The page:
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How viable is it to do Engineering later?

  1. Oct 6, 2009 #1
    Hello all, I am currently a Physics Major with Pre-med and I just considered what would happen if by any chance I do not make it into any medical school. I am currently a Physics major right now and would prefer to stay that way (at the moment). My question is, if Medical School doesn't work out is it possible to get a master's degree in Engineering (I am thinking Electrical) without much trouble? If not, would it be wise to do Electrical Engineering for undergrad then? I am currently a first year student so right now it is not a problem to switch to EE.

  2. jcsd
  3. Oct 6, 2009 #2
    Here's my two cents:

    Follow your guts. If you really want to study physics, stick with it. I think you could possible pursue a masters in comp sci with the physics undergrad (provide you learn some programming as an undergrad), but getting a masters in EE could be difficult.
  4. Oct 6, 2009 #3
    It depends what type of school you're looking at. Many engineering graduate programs require engineering undergraduate degrees, at least in the common subjects like EE. Generally a physics degree is not adequate (or competitive) preparation.
  5. Oct 6, 2009 #4
    My advice: physics isn't a good premed major. Med schools don't prefer any particular major, so this means that your physics degree will be on equal footing with the art history guy, except he probably had easier classes and got a 4.0. When you send out your applications with AMCAS, many med schools even filter out people with their computers based on GPA, meaning your application may never be viewed by a human. You might want to consider doing something easier. Of course, if you have a high GPA (i.e. 3.6 or above), disregard everythig I just said.

    Now that that's out of the way, I agree with the other two posters; physics isn't engineering, so it's hard to go into an engineering MS program with a physics BS. However, many schools have an "engineering physics" major. At my school it was called "physics with an engineering emphasis." If you're a sophomore or junior, it may not be too late to switch to this major. It's basically a physics major with some extra engineering classes to make you employable. If your school doesn't have that option, you could just take a few freshman and sophomore level EE courses as electives. This will probably make you more employable, and I assume it'll make it a lot easier to get into a EE grad program too.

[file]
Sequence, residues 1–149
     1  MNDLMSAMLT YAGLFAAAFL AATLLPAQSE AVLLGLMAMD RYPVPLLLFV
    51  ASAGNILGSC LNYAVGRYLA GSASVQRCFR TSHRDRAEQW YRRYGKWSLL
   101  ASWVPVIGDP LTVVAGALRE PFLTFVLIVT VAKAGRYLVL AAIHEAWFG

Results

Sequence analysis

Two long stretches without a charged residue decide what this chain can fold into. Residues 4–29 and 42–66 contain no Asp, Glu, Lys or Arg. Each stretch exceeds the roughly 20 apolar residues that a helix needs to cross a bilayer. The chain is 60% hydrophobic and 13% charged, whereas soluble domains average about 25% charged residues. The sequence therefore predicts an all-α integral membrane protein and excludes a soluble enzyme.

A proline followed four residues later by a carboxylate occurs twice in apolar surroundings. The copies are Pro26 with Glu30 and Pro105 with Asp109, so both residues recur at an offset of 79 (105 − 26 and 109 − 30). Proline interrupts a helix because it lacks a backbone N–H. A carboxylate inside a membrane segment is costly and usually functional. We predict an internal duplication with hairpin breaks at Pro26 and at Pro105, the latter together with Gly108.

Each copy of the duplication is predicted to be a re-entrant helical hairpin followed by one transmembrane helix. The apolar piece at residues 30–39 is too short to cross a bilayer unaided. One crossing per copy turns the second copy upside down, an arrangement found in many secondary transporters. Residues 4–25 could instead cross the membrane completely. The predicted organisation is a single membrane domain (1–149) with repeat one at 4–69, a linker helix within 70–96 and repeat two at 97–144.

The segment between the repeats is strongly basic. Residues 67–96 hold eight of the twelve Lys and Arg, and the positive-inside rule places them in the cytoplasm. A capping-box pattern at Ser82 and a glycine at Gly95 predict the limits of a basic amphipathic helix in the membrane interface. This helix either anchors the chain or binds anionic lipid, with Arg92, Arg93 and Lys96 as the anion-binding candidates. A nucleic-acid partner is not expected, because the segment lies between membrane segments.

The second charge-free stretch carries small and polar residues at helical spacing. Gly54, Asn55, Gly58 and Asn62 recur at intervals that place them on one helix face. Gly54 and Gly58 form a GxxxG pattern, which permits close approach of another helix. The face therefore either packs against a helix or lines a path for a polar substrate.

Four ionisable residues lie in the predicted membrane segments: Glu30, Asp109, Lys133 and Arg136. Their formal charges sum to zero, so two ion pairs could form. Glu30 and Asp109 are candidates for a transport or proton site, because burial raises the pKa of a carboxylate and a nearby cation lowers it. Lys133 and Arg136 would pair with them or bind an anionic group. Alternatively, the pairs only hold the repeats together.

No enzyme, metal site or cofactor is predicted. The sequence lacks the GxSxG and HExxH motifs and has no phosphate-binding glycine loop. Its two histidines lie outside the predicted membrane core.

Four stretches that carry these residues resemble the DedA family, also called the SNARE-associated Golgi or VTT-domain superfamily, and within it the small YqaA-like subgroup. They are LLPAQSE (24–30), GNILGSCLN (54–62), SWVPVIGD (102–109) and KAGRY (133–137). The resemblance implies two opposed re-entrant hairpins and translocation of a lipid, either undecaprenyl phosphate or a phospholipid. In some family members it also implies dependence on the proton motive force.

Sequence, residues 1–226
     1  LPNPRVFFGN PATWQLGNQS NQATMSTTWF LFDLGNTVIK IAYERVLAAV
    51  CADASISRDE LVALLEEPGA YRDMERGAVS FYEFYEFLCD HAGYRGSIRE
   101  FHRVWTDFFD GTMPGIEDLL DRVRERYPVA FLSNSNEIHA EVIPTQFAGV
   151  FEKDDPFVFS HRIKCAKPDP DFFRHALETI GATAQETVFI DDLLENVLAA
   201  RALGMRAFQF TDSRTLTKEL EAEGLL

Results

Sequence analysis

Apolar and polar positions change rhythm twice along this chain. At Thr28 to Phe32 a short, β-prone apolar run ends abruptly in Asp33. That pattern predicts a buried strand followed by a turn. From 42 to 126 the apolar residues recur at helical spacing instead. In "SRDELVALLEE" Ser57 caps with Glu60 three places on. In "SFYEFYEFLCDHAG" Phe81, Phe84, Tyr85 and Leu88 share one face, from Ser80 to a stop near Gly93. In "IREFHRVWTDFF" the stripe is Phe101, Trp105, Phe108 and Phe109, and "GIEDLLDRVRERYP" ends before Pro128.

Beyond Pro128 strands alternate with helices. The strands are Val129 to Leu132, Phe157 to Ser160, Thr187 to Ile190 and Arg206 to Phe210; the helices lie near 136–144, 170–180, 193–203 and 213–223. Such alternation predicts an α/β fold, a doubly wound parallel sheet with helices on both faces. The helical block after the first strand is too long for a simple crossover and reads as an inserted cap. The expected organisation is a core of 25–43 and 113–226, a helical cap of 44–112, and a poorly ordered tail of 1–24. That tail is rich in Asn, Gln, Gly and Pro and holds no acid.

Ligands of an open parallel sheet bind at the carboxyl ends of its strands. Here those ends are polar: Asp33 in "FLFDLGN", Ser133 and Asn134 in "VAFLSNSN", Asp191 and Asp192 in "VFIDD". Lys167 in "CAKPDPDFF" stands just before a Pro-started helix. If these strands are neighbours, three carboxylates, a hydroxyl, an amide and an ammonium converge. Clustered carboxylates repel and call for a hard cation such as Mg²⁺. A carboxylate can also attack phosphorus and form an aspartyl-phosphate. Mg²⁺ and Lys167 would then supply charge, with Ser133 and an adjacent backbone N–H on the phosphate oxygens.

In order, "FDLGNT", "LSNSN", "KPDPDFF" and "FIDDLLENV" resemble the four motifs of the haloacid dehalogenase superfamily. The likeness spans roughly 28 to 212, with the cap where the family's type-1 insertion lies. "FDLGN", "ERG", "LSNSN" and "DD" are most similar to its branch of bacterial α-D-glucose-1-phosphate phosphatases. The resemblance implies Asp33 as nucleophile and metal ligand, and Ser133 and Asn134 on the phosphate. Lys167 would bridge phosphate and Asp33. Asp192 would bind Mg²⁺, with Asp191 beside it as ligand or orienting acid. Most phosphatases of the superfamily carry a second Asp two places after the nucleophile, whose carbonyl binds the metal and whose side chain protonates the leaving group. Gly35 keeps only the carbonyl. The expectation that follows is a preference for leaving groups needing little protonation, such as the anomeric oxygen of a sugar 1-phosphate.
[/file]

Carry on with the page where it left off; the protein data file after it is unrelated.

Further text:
6. Oct 8, 2009 #5
    Yes, I know that Physics isn't the best pre med major but I like it. I'll find out the hard way those two don't mix at least :)

    But thank your for the information. I'll look into some EE electives if my GPA doesn't soar.
  7. Oct 8, 2009 #6
    We had a student from the biomedical physics program at my school come to one of my classes and "recruit" students for their program.
    They showed some MCAT stats from some study.
    The top "major" in terms of averages score was biochemical engineering
    I don't remember all of them, but physics and engineering physics were the top 5 too.
    I believe mathematics majors had a higher average score than biology majors...which I thought was interesting.
    The lowest scoring 'major' on average.....was pre-med. lol
    I thought that was funny.

    It was pretty interesting to see the top 5 majors for average MCAT score were all somehow related to physics or engineering.
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